Getty Images

They call them earworms. They're those songs that come around a few times a year that you just can’t get out of your head. And then the DJ plays it again, transforming your migraine headache into a whirlwind that ultimately marks a moment in culture and our lives.

Once that kind of song gets its hold on you, the theory goes, it is almost impossible to lose that connection, even as you hit old age. By identifying what sparks that instant memory, a project by the Manchester Science Festival in England called #Hooked is hoping to contribute to research for Alzheimer’s and dementia.

They festival group has been working to develop the project with professor Henkjan Honing, who's based at the University of Amsterdam. “Music plays with our hearing, our memory, our emotions, and our expectations in a fascinating way," Honing wrote in his new book Musical Cognition. "In reality, the listening doesn’t happen in the outer world of audible sound but in the inner world of our minds and our brains.”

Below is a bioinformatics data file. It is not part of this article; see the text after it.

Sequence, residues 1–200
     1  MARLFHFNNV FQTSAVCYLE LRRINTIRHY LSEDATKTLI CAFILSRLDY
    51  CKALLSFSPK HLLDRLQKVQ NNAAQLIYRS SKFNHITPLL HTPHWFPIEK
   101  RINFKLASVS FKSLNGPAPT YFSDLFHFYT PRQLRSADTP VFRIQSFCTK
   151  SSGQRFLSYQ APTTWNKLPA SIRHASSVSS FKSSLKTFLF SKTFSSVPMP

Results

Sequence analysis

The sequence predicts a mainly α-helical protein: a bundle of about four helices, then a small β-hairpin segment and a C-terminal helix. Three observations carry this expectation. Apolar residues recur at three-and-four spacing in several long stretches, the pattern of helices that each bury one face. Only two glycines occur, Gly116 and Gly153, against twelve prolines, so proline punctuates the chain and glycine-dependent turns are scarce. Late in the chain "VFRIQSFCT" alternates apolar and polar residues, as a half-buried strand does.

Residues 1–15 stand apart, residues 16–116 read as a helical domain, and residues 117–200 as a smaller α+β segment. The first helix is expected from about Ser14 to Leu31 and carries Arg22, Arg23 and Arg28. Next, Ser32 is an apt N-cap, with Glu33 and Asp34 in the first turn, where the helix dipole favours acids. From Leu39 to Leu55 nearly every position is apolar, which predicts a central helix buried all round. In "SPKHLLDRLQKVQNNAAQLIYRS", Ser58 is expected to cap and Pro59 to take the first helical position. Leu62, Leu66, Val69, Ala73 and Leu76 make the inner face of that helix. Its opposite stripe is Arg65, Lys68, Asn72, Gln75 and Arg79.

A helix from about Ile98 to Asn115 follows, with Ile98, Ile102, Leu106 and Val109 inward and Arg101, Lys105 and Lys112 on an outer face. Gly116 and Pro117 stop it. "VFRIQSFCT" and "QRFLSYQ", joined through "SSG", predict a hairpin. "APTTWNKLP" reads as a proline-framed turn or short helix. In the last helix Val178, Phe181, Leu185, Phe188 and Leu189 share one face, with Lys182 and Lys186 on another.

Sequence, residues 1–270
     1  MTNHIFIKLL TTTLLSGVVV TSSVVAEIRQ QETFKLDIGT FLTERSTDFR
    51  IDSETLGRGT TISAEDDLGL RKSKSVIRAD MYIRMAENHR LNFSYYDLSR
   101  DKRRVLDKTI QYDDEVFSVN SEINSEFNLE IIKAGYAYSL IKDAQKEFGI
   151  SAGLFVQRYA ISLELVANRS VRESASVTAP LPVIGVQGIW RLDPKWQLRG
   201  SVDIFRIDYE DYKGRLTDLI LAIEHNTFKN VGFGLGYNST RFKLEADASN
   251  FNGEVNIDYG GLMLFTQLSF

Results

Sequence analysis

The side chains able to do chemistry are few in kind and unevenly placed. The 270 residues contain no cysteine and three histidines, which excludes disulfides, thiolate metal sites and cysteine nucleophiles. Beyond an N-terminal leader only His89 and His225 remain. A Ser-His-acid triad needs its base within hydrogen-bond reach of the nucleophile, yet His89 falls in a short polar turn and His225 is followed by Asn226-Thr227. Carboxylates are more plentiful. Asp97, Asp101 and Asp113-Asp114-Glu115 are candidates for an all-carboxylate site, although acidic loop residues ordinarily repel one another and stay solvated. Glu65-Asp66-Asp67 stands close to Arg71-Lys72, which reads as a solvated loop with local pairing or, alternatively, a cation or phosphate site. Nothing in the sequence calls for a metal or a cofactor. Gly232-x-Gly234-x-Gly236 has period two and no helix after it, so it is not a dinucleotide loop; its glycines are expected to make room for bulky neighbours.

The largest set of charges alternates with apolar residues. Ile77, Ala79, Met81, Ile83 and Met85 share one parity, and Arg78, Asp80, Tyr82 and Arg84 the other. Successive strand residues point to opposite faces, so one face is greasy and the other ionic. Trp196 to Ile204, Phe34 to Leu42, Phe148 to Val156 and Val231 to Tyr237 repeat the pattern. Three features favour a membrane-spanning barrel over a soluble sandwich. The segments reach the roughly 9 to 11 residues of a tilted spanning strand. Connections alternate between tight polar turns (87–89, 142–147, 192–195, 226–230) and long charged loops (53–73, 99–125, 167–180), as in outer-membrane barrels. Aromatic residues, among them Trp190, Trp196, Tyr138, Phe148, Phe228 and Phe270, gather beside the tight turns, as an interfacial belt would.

Through November 3, the project is collecting submissions for catchy songs. From there scientists will attempt to break down exactly what makes a song so memorable.


Recently, #Hooked released a list of what its researchers have dubbed the "Top 10 Catchiest Songs Of All Time." Understandably, the songs at the top of the list are the same ones that have been bothering us for months now:

  1. Kylie Minogue – "Can’t Get You Out Of My Head"
  2. Robin Thicke – "Blurred Lines"
  3. Daft Punk – "Get Lucky"
  4. ABBA – "SOS"
  5. Sinead O’Connor – "Nothing Compares 2 U"
  6. Tweets – "The Birdie Song"
  7. Alabama 3 – "Woke Up This Morning"
  8. Aerosmith – "Love Me Two Times"
  9. Adam Sutherland – "The Road To Erogie"
  10. ABBA – "Dancing Queen"

In addition to this list, they are compiling what is perhaps the most annoying (but most memorable) playlist in the history of mankind.


Oh, and some British guy sings “Ice, Ice Baby” in the best of all possible ways in this promo clip for the project:


Daniel Rivero is a producer/reporter for Fusion who focuses on police and justice issues. He also skateboards, does a bunch of arts related things on his off time, and likes Cuban coffee.